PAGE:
OAKLAND, Calif. (KGO) -- The college fair at Castlemont High School in Oakland was part of Thursday's celebration of Oakland Promise, a community based program aimed in part at helping low-income and minority students to go to college.
"I want to say, once again, we all need to help (in) this whole process," says Jamal Cole, speaking at the event. He graduated college with the help of Oakland Promise.
"I have come from a rough situation growing up. My father raised me. Grew up in an area that was crime-ridden," says Cole, describing his childhood.
But learning of current college admission scandal, Cole says students with backgrounds similar to his now have another obstacle to overcome: cheating.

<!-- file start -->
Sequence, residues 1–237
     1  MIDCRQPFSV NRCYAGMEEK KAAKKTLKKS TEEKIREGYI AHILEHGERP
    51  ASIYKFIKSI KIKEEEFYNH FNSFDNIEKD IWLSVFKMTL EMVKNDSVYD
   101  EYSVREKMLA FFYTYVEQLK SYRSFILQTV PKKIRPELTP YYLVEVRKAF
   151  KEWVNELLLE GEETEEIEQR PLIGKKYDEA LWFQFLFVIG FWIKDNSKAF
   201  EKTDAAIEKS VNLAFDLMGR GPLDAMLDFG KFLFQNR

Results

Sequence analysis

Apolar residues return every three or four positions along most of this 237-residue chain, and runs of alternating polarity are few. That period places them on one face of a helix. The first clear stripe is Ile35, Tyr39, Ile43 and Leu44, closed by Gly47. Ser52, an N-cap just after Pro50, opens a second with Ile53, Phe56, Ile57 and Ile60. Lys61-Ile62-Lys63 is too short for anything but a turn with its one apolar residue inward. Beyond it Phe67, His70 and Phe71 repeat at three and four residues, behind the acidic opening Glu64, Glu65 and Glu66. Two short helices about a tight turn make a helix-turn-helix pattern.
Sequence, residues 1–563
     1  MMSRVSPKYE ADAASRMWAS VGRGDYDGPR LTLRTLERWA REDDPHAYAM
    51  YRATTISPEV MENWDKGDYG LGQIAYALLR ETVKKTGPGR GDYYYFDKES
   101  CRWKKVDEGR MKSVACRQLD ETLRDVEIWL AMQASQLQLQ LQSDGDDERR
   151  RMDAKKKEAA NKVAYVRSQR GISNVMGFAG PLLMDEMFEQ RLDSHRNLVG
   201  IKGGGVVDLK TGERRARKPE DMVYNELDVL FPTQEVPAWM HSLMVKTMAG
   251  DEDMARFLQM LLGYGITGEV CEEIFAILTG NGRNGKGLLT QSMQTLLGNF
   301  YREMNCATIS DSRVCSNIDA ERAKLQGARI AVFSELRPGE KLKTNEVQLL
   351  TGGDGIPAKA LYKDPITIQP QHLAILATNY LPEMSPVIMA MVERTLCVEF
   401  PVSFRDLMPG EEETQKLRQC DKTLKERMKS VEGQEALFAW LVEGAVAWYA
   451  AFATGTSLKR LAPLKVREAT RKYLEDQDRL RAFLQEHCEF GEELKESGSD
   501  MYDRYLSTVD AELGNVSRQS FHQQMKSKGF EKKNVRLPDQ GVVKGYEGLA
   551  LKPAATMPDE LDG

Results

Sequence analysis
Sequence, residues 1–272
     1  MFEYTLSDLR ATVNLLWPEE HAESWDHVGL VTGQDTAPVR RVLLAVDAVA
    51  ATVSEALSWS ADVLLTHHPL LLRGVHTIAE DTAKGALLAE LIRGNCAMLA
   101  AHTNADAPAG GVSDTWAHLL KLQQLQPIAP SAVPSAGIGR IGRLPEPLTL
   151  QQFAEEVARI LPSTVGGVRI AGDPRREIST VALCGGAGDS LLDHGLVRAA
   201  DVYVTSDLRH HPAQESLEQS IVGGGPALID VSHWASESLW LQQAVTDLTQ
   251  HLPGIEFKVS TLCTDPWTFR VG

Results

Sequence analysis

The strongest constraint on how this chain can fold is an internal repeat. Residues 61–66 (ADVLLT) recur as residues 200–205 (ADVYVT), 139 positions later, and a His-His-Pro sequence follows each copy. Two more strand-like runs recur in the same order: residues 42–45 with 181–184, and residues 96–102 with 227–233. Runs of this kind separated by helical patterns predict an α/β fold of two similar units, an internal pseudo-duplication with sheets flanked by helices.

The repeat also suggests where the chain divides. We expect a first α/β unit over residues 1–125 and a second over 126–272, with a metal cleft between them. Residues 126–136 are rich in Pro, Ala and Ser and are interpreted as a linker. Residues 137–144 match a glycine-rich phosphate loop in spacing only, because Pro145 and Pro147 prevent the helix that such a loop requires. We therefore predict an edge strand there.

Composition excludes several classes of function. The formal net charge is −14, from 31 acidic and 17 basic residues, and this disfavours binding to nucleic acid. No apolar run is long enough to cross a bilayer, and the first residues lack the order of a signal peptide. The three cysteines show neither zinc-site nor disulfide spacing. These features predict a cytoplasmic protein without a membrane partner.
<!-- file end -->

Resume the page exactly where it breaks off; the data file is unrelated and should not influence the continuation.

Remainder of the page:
"They didn't put the hard work in, and it's frustrating," he says, adding that it is about more than just college. It's about jobs, too.
"Situation at (prestigious) institutions... where they can just by pass (the admissions process) and get a degree, and have a high paying a job... and (they) may not have earned it," Cole says.
Current San Francisco State University student Luis Ramirez-Martinez agrees.
"It's completely unfair and makes me feel devastated," he says.
He is a first generation American and the first member of his family to graduate high school.
He says he knows that some wealthy students use personal ties to gain access to elite colleges, but that the current scandal exposes a bigger problem.
"It was kind of already implied, but now that it's a reality, it's a reality that, oh, you actually had a real shortcut, and I am here struggling," says Ramirez-Martinez, as he shakes his head in disbelief.
Ramirez-Martinez says he put in years of hard work and didn't cheat. For him, that's worth more than any Ivy League degree.
Oakland students say college admissions scandal highlights obstacles they face in application process
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